By Farah Master

HONG KONG (Reuters) - British investment banker Rurik Jutting acted rationally before and after he killed two Indonesian women in his luxury Hong Kong apartment and had even telephoned his mother after killing the second woman, the prosecution said on Wednesday.

Jutting, a former Bank of America Corp employee, has pleaded not guilty to the 2014 murders but guilty of the lesser charge of manslaughter due to "diminished responsibility", citing his heavy drug and alcohol abuse and sexual disorders.

The mutilated body of Sumarti Ningsih, 23, was found in a suitcase on the balcony of Jutting's apartment and Seneng Mujiasih, 26, was found inside the apartment with wounds to her neck and buttocks.

Prosecutor John Reading called Kavin Chow, an associate consultant at the Department of Forensic Psychiatry at Hong Kong's Castle Peak Hospital, to state that Jutting had moments of sobriety in between the killings and should have been able to resist "the use of substance".

Chow noted that Jutting acted rationally, ordering food for Ningsih before he killed her as well as cleaning up the bathroom afterwards.

"Despite the presence of abnormality of the mind it doesn't substantially impair his mental responsibility," she said.

Reading said Jutting called his mother after he killed Mujiasih, before he reported himself to police. Details of the conversation was not made clear in court.

The defense has called British experts in forensic psychiatry and psychology who have testified that Jutting has recognized disorders from cocaine and alcohol abuse as well as other personality disorders of sexual sadism and narcissism, which impaired his ability to control his behavior.

The defense has also argued that Jutting, a 31-year-old Cambridge university graduate, felt huge stress during his banking career.

Reading said Jutting only worked for 10-15 days in the month before he was arrested and only for a few hours a day. Jutting stopped responding queries form his work in the second week of October, 2014, just before the killings, said Reading.

Jutting, a former vice president and head of Structured Equity Finance & Trading (Asia) at Bank of America in Hong Kong, had felt great pressure when his boss told him his professional activities would be monitored, his defense has said.

The court heard on Tuesday that Jutting called his boss at the Bank of America after the killings, before he called the police, and warned him that the bank's reputation was at risk, defense lawyer Tim Owen said.

The trial, which is in its second week, has attracted international scrutiny due to Jutting's profile and the brutality of the killings in a city where crime is relatively low.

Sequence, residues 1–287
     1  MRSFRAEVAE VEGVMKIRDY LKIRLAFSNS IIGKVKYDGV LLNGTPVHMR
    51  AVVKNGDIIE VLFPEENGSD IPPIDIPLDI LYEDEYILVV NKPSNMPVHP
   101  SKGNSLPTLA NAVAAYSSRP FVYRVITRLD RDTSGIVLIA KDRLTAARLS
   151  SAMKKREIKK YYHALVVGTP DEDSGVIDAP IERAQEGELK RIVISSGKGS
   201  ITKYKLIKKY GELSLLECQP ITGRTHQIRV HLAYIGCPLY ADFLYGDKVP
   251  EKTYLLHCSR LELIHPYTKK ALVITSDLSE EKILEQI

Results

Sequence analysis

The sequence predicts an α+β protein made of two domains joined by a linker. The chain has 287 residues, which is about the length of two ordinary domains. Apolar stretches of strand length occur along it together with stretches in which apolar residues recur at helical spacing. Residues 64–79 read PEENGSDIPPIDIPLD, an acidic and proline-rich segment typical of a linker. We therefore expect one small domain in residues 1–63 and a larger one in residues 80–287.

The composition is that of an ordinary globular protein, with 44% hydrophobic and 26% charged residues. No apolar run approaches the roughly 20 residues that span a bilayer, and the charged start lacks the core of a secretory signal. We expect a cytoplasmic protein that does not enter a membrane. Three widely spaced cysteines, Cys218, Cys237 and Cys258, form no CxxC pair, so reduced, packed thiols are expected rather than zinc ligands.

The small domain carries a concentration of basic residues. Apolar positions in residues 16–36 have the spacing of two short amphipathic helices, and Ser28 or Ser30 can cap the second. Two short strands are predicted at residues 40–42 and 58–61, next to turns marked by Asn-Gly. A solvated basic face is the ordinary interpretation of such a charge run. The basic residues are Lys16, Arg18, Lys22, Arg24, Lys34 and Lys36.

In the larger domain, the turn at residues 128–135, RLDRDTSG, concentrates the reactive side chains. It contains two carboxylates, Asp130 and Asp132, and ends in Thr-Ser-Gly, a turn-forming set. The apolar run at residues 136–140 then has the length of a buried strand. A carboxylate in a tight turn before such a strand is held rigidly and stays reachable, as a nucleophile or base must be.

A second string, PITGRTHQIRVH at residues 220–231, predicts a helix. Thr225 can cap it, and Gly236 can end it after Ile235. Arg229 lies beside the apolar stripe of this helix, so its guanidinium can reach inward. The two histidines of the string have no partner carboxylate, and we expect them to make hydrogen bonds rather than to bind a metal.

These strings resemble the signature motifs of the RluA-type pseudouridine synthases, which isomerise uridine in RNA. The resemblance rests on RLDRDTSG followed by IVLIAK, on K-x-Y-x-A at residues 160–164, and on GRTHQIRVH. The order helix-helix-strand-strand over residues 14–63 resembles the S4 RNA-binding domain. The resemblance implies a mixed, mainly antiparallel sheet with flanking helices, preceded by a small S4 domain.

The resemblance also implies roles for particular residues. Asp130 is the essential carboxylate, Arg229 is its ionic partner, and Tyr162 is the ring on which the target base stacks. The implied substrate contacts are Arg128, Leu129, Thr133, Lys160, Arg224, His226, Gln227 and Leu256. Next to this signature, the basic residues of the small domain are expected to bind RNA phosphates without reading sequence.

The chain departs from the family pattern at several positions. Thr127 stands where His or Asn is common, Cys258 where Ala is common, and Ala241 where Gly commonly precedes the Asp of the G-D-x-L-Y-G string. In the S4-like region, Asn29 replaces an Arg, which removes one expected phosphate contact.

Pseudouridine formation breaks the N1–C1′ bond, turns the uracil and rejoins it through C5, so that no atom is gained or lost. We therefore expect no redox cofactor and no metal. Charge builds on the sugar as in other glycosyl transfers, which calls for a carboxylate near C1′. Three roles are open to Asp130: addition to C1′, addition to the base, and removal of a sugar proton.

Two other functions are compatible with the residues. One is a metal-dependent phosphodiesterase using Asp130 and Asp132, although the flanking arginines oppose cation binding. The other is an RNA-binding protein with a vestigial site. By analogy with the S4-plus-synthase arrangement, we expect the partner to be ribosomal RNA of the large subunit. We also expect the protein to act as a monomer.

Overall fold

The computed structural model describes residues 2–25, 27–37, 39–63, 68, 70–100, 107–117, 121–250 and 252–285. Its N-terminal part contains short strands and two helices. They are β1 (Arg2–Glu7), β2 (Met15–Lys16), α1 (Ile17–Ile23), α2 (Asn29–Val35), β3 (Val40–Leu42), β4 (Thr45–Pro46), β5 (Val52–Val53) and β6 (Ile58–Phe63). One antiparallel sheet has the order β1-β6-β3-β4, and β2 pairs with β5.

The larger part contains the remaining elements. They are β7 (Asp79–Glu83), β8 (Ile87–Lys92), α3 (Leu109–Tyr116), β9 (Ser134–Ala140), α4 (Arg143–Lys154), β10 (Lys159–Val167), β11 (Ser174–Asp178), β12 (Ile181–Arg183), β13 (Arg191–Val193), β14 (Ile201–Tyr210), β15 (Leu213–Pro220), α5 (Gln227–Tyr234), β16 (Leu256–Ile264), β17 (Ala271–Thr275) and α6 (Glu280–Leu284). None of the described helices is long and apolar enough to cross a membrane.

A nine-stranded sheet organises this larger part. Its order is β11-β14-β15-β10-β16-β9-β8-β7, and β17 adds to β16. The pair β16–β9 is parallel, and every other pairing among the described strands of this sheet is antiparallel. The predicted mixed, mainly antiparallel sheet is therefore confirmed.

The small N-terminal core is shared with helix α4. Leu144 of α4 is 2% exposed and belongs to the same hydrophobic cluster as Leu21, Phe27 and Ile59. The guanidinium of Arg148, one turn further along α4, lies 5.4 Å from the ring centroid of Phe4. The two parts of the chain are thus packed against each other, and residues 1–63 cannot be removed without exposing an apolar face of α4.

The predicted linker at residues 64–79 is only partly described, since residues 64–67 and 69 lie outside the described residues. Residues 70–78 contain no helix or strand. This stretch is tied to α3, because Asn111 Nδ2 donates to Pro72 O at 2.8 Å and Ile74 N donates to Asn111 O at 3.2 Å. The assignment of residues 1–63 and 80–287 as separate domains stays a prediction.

'NOT IMPULSIVE'

Jutting took hours of video on his iPhone as he tortured Ningsih. He also filmed monologues he called the "narcissistic ramblings of Rurik Jutting" in which he spoke of the murders, binged on cocaine and explained his violent sexual fantasies.

Freshly shaven and wearing a pale blue shirt, Jutting focused on the session intently on Wednesday, making notes as he sat in a sectioned off area, flanked by three policemen.

He smiled at times as his defense team challenged Chow, the prosecution witness.

Murder carries a mandatory life sentence, while manslaughter carries a maximum of life though a shorter sentence can be set.

Chow said Jutting had traits of a psychopathic and narcissistic personality but not a disorder.

Reading, referring to Chow's report, said Jutting had no close friends and would not share his feelings with others, only speaking to his younger brother. He was typified as coldly callous, promiscuous and superficially charming.

Reading detailed Jutting's openness to homosexuality. He quoted Jutting as saying he was "96 percent heterosexual" after having a few experiences with other males including have mutual oral sex aged 16 with a friend and full penetration with another male at Cambridge.

He enjoyed having rough sex and experimenting with a variety of sex workers, including having anal sex and urinating on them, Reading said.

Dr Oliver Chan, a medical officer at the Department of Forensic Psychiatry, at Castle Peak Hospital, said he believed it would be hard for Jutting to resist cocaine but it would "not deprive him of his ability to control himself".

Jutting's series of actions before and after the killings, including buying sex toys and hardware tools, "speaks against the notion he was out of control ... all I can say is it was not an impulsive act", Chan said.

(Reporting by Farah Master; Editing by Greg Torode, Robert Birsel)